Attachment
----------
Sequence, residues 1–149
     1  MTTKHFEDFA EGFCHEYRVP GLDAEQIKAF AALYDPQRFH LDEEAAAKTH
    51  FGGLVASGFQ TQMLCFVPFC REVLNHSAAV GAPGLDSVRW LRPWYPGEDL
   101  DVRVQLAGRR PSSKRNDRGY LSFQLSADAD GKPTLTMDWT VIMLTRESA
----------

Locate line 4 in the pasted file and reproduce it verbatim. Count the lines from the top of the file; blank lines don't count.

   101  DVRVQLAGRR PSSKRNDRGY LSFQLSADAD GKPTLTMDWT VIMLTRESA